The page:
This innocent looking triangular panel is the entrance to another hide on the top, attic, corridor of the house. It is a tight fit and, as a pivoting entrance panel, well insulated with wooden boarding on the inside. However, once open the skill of its design and making is revealed.
Although you would have to climb into the hide, the space within, next to the chimney stack, is very amenable. You can just make out in the above photo the bolt for locking the panel from within, together with a (now broken) spring mechanism for releasing the bolt from without. This hide was infact, opened from the adjoining room; all that now remains of the discrete opening 'handle' is a small round depression in the adjoining door lintel, which would have held the release pin. A further spring mechanism was built into the hide so that once the entrance was unlocked from the next door room, the panel itself would be pushed open to enable access to this hide. The remains of this spring mechanism can just be seen in the photo below.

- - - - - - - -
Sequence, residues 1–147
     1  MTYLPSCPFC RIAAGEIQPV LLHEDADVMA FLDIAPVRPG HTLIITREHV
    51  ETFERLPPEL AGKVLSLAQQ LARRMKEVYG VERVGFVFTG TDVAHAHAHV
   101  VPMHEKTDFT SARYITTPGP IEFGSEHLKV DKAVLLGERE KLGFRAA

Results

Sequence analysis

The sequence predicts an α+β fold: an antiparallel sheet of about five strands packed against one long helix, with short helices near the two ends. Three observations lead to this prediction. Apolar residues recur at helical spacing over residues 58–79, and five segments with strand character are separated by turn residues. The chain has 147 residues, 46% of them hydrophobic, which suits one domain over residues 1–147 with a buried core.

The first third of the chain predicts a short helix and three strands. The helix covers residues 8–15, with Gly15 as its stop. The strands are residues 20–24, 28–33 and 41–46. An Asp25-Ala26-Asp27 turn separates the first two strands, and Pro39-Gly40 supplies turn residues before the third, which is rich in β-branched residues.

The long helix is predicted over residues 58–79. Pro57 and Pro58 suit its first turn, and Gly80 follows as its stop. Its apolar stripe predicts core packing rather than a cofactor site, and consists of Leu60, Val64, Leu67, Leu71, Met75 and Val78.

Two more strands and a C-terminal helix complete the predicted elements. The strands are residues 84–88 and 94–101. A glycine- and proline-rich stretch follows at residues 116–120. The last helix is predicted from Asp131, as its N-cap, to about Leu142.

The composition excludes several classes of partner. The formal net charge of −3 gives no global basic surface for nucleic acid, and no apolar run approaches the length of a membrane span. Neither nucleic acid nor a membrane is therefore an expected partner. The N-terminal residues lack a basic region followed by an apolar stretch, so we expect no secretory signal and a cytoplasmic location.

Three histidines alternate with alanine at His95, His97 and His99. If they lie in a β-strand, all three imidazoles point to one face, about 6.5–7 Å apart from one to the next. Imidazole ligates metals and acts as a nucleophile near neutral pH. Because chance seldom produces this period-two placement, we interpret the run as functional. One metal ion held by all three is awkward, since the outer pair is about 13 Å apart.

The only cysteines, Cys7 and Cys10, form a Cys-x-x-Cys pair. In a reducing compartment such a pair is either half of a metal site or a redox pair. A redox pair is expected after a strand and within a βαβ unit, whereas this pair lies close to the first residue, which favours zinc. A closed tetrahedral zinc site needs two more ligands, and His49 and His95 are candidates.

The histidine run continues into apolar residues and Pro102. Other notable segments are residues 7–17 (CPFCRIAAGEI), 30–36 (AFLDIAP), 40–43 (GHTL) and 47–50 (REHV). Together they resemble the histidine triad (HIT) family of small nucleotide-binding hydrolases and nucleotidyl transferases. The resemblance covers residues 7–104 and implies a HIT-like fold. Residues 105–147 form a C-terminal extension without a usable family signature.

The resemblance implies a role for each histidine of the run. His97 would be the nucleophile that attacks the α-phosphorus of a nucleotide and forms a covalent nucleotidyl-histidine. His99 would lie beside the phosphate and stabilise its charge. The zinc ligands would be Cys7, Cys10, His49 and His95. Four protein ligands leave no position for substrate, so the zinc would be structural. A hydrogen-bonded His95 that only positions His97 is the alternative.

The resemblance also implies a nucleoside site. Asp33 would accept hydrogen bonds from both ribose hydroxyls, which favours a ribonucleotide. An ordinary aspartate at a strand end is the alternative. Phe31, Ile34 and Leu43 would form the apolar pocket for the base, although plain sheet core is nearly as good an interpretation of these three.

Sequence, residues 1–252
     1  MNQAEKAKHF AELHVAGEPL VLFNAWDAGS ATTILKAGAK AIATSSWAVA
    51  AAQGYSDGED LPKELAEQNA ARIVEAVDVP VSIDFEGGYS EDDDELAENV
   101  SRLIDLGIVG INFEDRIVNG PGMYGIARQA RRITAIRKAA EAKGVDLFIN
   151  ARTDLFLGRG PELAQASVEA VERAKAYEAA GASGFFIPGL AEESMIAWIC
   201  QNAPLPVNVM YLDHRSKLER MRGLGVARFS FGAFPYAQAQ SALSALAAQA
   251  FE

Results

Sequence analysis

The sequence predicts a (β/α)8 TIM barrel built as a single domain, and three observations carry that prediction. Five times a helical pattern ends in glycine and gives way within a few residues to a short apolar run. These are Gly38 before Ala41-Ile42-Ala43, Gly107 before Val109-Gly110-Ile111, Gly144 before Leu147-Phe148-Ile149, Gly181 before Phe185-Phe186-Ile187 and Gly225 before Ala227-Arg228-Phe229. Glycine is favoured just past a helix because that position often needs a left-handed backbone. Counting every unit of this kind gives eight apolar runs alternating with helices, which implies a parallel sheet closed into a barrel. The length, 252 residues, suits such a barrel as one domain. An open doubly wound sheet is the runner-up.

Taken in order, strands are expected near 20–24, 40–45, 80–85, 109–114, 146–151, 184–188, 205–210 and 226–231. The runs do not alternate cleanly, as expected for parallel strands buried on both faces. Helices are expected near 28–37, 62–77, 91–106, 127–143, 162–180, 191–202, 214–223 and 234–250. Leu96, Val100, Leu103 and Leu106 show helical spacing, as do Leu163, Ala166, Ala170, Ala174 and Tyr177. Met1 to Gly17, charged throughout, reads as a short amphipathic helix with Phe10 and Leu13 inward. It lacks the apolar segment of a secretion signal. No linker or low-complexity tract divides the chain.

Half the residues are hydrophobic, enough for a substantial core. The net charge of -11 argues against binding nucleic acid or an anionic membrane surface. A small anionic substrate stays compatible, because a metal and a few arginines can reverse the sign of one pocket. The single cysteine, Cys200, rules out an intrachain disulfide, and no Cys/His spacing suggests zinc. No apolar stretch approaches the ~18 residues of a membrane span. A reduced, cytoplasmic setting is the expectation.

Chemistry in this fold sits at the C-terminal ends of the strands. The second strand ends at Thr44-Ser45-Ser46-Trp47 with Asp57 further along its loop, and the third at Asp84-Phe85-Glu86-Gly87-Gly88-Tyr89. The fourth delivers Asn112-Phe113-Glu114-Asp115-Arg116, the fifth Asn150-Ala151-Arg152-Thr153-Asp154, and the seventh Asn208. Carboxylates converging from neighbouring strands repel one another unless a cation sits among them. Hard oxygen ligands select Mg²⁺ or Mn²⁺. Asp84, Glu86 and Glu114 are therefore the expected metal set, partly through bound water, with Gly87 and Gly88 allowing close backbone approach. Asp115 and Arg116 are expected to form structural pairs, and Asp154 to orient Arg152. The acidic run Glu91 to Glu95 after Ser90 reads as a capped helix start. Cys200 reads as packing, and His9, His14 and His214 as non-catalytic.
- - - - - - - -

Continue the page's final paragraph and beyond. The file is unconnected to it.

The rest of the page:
All this was done, and lives risked, by many who fought for freedom of worship when, four hundred years ago, the English tried to suppress the Mass.